The battery on the Xperia ZL is adequate. That is until you turn on battery stamina. Without battery stamina I was getting around 14 hours on LTE. Now with battery stamina turned on, I am getting at least 20 hours. It made a huge difference for me and I didn’t even go through all the options in battery stamina, so you’ll definitely want to check that out. That’s with around 2-3 hours on screen. So not bad at all. It definitely exceeded my expectations here.
The camera is adequate for a smartphone. You’re not going to get a DSLR quality camera on a smartphone, at least not any time soon. Even though Sony is known for their great camera’s and sensors they put in their cameras. This one has a 13MP camera, but what is strange is that in the settings it only goes up to 12MP.
I used the Xperia ZL at my sisters graduation this week and most of the pictures turned out pretty good, until you compare it to the pictures taken with my DSLR. Then you can really tell the difference. Inside the camera you have different modes including Superior Auto, Normal, Video Camera, Burst, Picture effect, sweep panorama, scene selection, front camera, and front video. No photosphere since this is Android 4.1 and not Android 4.2.
You can see more pictures down below taken with the Xperia ZL, there are plenty for you to check out.
The Xperia ZL does come unlocked in the US. So it works on GSM carriers only, like AT&T, and T-Mobile. I have tested it on AT&T and T-Mobile and it works great on both. Which means it’ll work on Straight Talk, Simple Mobile, and many of the other MVNO’s that operate on AT&T or T-Mobile’s network. I wasn’t able to test LTE on T-Mobile since LTE isn’t quite up yet in my area, it’s still in testing. But LTE on AT&T was as good as it was with the Optimus G Pro, Galaxy S4 and HTC First.
- Build Quality: The build quality on the Xperia ZL is quite like the HTC One. It feels great in the hand as well. This is my first time with a Sony device and I was blown away.
- Battery Life: As I mentioned above, it’s outstanding. Especially for the size of the battery.
- Display: this is a double-edged sword here since it is a great display but it does have it’s flaws as expected.
- Available Unlocked: The Xperia ZL is currently only available in the US unlocked. So that you’ll be paying full retail for this phone, and that is not cheap. But you do have the option to take it to any carrier you want.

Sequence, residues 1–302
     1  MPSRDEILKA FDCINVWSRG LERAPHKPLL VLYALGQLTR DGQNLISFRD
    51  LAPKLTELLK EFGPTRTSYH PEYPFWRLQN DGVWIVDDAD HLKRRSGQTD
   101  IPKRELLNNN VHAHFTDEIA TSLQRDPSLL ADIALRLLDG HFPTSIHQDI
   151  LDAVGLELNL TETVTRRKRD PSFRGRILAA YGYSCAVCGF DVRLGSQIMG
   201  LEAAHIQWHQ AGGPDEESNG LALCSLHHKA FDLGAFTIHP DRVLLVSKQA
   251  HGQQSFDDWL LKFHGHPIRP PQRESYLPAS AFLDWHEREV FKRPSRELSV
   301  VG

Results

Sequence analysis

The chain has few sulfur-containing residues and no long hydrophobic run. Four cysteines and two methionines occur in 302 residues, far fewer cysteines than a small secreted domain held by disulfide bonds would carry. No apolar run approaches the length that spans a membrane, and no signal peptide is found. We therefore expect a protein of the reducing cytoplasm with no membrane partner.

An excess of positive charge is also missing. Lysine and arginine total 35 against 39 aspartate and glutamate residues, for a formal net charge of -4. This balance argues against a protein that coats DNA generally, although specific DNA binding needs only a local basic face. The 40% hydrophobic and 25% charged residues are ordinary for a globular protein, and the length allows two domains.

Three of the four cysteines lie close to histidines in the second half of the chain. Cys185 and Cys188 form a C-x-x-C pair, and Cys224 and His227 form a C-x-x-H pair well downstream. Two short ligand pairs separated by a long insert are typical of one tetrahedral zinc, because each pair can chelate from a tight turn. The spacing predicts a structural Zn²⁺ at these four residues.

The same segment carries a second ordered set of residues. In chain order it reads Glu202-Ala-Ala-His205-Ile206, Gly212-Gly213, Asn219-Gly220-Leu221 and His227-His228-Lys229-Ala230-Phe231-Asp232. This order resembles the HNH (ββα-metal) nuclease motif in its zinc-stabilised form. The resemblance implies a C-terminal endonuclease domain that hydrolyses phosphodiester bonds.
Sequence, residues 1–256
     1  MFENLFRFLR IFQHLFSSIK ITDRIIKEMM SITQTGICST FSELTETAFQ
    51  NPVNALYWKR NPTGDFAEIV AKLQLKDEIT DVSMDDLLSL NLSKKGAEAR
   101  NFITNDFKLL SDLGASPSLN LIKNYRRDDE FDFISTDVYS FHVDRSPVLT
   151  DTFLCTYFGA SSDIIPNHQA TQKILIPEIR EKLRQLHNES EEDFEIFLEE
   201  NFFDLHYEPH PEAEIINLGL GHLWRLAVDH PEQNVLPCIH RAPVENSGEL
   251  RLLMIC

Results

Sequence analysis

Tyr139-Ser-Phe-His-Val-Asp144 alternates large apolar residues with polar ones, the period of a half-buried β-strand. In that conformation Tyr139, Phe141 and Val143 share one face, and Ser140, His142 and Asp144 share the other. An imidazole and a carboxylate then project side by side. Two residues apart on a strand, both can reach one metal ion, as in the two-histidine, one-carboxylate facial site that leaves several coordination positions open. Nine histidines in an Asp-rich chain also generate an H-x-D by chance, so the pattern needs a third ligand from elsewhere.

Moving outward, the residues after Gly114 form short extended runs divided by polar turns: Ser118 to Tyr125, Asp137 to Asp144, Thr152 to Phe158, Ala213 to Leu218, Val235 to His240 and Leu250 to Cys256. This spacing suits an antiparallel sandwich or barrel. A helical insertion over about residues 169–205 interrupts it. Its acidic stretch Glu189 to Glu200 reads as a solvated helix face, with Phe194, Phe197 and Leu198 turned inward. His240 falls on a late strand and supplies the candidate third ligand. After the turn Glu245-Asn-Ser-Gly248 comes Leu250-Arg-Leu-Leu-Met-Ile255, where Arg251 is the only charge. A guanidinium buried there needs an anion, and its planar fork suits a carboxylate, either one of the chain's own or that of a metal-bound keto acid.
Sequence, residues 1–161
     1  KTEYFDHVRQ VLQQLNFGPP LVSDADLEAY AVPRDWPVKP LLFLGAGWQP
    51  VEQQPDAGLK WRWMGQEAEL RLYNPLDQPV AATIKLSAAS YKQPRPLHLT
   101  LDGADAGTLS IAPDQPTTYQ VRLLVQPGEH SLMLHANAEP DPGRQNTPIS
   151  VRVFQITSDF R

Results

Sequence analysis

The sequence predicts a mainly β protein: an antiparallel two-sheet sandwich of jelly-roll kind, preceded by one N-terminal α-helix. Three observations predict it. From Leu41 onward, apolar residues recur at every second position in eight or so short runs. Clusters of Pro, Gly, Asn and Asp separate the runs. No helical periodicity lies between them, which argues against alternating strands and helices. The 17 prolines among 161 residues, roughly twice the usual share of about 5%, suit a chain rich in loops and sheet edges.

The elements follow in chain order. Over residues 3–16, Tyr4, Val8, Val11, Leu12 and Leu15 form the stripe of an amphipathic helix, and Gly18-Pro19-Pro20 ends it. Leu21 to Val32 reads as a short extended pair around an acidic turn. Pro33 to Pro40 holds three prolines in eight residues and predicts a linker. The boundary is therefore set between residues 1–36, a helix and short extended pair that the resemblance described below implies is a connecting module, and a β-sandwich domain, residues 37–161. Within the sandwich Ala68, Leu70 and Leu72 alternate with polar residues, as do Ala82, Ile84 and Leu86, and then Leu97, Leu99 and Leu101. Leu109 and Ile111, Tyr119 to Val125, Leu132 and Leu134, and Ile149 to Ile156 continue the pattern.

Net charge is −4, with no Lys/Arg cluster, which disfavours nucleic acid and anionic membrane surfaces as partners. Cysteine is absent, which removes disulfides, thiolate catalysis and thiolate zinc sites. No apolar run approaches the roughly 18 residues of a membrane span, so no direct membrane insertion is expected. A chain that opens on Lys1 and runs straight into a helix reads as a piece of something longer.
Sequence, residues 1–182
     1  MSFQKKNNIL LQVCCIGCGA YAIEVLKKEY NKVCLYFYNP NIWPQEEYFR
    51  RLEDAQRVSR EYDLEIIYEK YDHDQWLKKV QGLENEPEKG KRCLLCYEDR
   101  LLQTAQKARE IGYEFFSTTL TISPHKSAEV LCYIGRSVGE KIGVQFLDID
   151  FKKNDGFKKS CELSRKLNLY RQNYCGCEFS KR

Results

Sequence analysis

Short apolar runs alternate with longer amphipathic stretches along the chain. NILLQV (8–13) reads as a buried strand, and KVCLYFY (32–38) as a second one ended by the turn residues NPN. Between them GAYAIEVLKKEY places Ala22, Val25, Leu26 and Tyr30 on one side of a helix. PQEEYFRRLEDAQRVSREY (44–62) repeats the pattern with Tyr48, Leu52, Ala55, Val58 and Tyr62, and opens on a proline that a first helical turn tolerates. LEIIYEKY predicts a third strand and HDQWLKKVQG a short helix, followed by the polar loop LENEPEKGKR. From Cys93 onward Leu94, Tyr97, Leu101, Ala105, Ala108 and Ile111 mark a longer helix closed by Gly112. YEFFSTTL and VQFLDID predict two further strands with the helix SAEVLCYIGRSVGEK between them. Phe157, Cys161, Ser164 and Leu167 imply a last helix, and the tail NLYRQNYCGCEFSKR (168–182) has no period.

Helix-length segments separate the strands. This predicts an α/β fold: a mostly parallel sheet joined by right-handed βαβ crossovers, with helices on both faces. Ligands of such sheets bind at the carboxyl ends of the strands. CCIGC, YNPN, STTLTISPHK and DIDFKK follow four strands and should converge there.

- Carrier Availability: So far, no carriers have confirmed to carry the Xperia ZL in the US. Which is not good for Sony, especially after seeing how great of a device this is.
- Display: It’s a great display, but it does look washed out unfortunately.
- Android 4.1.2: Yes it’s Jelly Bean, but it’s still a full version of Android behind. It would have been a home run if Sony had launched this with Android 4.2.2 on board.
- GSM Carriers Only: As I mentioned before, this is a GSM only device. Which means it won’t work on Sprint or Verizon unfortunately.
The Xperia ZL is a great device. But would I recommend it over the Xperia Z? No. The Xperia Z is the better device. It is water proof and dust proof. Meaning you can literally use your phone in the shower, if you’re really that attached to your device. Compared to other phones like the HTC One or Galaxy S4, I’d have to say if you’re planning on sticking to your 2 year contract, then skip the Xperia ZL. Since it’s already kinda dated. Not that the Xperia ZL is a bad device, but I don’t think it’ll be a top performer for 2 years, when comparing it to other flagship devices that it is competing against. Yes the Xperia ZL is available unlocked only in the US right now, but other parts of the world it’s available subsidized with a contract. Now if you’re buying it unlocked, then yes it’s a great buy.
If the Xperia ZL had came out a few months earlier, it would probably be my daily driver instead of the Nexus 4. That’s just how much I like the Xperia ZL. It’s truly one of the better devices out there right now. It’s up to you, whether it’s your next phone or not. I’d wait and see what the Xperia ZU has in store for us later this month though.